Skin as a blank canvas is not a new idea; Ötzi the Iceman, frozen sometime between 3239 and 3105 BCE had a tattoo. Inking or marking skin unites cultures and continents across the ages.
Until recently in the West, tattoos have been seen as a mark of belonging to a counterculture. They are so subversive that in 1995 The New York Times art critic Michael Kimmelman likened tattoos to the ‘art of the insane’.
However, now one in three adults in Britain has a tattoo.Even in ubiquity, tattoos remain controversial; a quick poll in the Felix office revealed tattoos to be variously ‘hot’ , akin to ‘gangrene’ to ‘putting people at risk of missing a dermatological condition’. No prizes for guessing the latter was the opinion of a medical student.
Tattoos when inked well and well placed (collarbones are a personal favourite) can be beautiful, but can they be defined as fine art?
Perhaps it depends on the artist; Kate Moss is the proud owner of two swallows inked on the small of her back by Lucien Freud. She has joked that were she to graft the skin and put it up for auction she could earn herself a few million pounds.
Fine art institutions have already started to capitalise on the popularity of tattoos. In May 2014, Musée du Quai Branly, Paris, hosted ‘Tatoueurs, Tatoués’, or Tattooists, Tattooed, an exhibition which explored the history of body art.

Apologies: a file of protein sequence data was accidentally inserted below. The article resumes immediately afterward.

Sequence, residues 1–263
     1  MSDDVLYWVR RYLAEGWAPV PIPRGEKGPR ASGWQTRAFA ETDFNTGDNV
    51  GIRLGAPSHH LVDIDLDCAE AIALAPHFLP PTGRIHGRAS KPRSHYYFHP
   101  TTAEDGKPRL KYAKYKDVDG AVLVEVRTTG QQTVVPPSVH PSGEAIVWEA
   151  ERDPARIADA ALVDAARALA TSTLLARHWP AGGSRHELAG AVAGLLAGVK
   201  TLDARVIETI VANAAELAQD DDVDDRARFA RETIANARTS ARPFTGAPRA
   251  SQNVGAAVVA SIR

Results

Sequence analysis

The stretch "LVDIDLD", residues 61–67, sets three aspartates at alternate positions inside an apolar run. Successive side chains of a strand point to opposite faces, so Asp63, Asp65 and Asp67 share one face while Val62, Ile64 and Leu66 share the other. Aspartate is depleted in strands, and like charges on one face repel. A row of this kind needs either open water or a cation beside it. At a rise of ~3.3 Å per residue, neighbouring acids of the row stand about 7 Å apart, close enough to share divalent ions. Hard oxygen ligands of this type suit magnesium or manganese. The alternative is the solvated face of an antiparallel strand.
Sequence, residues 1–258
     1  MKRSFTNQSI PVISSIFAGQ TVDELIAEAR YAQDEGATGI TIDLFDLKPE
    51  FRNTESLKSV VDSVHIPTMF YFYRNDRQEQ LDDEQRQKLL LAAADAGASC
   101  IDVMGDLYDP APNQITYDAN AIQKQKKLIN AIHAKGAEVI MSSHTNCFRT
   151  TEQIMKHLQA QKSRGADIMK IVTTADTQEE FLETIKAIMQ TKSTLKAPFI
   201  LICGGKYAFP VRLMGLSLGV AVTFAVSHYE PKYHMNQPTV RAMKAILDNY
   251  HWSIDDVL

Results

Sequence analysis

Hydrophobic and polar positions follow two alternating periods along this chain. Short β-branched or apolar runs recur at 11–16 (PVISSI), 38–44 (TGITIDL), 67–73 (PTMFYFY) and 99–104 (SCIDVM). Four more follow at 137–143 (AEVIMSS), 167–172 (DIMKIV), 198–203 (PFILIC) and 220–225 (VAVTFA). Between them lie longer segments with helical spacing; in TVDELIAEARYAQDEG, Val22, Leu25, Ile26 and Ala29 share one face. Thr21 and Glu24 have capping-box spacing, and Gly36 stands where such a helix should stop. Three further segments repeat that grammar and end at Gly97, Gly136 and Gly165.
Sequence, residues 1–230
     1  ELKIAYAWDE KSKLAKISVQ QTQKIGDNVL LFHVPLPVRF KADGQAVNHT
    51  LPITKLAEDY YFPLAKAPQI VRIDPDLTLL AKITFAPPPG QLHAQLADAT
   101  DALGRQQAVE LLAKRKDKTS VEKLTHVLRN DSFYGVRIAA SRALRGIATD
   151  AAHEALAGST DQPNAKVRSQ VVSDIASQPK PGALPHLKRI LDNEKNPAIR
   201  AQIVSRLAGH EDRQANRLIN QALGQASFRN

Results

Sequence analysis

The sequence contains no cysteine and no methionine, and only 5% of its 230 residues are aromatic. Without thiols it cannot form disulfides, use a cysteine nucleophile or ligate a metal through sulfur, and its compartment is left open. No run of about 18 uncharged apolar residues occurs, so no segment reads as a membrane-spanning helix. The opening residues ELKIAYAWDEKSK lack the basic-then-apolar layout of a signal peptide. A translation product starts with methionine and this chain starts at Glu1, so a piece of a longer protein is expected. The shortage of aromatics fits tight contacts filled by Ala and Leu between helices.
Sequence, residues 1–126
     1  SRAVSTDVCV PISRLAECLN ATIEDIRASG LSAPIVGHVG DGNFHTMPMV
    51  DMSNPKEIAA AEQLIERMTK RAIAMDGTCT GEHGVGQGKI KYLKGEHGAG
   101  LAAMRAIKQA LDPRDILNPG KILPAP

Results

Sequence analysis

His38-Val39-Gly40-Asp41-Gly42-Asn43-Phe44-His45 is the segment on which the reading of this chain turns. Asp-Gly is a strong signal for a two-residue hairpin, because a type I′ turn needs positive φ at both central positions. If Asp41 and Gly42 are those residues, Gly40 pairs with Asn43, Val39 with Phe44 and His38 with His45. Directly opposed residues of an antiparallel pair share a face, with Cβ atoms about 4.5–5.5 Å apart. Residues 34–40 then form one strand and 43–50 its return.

Tattoos occupy the same space as graffiti in the world of art, the establishment doesn’t quite know what to do with it. Tattoos cannot easily be locked up in glass cases or bartered for; not yet at least, though the Wellcome Collection does in fact have a collection of preserved tattooed skins. For most however, inking their skin remains the ultimate expression of bodily autonomy; now as for centuries, a way of marking personal history. The pain of the process becomes a ritual; it’s permanence a statement of artistic intent, that the art changes, sagging, stretching, shifting with changing skin is a bonus.